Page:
Tuesday, 25 October 2011

America the shockingly new

My love of America, Americans and Americana has many roots and branches. One of them is the "newness" of the country, at least from a European immigration perspective.

As a comparison, the English Civil War was fought in the seventeen century. Before that, the Elizabethan era, and various Henrys and Edwards as kings. Before that, lots more history. My family on my fathers side was easy to trace back to 1505, and we've since gone a lot further back. The village I grew up in sits in a flood plain that's been an agriculture area for several thousand years. When bits and pieces of artifacts from the Roman occupation of some 2,000 years ago are found, locals don't get excited about it; it's all been seen before. Boring.

The history of America, on the other hand, as a growing and expanding population, is almost shockingly new. The Huff recently ran a piece on a TV clip that's on YouTube:

Just...wow. That was a TV show from 55 years ago.

Which means there are people alive today who will have watched that TV show, where a guest revealed he saw President Lincoln being assassinated, as the American Civil War drew to a close.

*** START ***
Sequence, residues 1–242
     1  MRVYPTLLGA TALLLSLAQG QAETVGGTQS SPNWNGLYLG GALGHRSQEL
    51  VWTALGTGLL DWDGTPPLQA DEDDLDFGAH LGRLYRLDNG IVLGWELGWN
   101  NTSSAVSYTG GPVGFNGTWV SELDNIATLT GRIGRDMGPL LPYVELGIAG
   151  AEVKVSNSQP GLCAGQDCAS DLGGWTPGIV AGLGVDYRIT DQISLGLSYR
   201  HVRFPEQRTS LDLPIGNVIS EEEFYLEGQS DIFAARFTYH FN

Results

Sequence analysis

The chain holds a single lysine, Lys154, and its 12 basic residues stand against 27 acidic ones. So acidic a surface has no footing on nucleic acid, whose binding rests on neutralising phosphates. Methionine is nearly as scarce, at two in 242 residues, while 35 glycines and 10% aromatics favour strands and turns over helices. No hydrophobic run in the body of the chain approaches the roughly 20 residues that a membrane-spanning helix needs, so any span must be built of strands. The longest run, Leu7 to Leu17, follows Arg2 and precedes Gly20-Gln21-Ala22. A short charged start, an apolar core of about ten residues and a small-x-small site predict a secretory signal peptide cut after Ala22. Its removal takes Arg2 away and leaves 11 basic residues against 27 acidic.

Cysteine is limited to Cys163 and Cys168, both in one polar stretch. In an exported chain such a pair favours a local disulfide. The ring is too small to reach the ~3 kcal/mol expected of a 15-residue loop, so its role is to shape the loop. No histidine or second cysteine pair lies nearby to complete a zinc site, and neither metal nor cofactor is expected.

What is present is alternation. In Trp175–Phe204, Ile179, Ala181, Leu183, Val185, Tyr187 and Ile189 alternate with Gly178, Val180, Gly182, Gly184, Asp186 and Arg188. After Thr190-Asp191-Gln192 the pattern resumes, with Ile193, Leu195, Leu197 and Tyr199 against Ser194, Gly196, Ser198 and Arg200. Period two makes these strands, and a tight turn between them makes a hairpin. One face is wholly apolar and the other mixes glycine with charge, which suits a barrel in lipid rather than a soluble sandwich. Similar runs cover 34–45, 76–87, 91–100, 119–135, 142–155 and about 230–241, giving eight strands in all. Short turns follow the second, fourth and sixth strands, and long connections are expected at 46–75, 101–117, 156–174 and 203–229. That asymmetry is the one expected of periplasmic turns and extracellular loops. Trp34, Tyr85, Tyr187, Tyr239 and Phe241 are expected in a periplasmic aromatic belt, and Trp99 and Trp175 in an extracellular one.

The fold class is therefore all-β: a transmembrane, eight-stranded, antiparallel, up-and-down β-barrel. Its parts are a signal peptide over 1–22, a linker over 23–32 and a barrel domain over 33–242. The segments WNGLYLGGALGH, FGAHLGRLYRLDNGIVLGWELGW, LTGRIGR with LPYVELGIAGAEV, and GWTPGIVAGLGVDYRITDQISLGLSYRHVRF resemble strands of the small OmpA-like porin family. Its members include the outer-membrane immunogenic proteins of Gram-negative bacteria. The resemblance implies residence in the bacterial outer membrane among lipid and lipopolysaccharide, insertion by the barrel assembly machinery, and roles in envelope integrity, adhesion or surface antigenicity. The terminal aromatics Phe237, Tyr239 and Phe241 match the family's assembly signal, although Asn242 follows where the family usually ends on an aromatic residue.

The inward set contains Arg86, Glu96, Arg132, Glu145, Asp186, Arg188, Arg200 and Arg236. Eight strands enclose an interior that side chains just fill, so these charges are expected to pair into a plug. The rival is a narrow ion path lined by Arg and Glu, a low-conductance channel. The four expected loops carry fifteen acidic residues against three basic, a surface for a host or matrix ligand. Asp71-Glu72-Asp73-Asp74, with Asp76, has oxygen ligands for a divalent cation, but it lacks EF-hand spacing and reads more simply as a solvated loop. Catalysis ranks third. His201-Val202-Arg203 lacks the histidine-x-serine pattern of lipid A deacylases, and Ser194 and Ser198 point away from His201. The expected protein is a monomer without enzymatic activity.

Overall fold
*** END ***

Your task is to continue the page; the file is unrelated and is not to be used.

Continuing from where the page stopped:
Heck, doing the math it's possible that the guest had known, spoken to people who were alive before America gained independence, less than 90 years before Lincoln was shot.

It's difficult sometimes to get my head around how recent, new, this all is. Perhaps I have the same dislocation feeling as American colleagues and friends do when they visit England, or "the old country". Last time one did, we went in a rural pub. He spent much of the evening transfixed at a plaque detailing the seven hundred year history of the building, while the regular drinkers stared transfixed at a soccer match on the TV.

Moon over Boston

Yes, there may be many similarities between Britain and America, but in terms of historical timeline, they couldn't be more different. At the time America was electing its 1st President of the United States, England was on royal monarch number ... 54 (if you start with King Offa in the year 757). By the time Lincoln was assassinated, the royal family-ruler situation had been in effect in England for over 1,100 years.

Yes, sometimes America feels shiny, new, and in many ways running through an accelerated growth and catchup. While the senior who is Britain plods on, doing what it does every day and smiling at past glories (real or imagined), America is the teenager who's just drank too much sugary pop and is running noisily around everyone. Gotta love the place.

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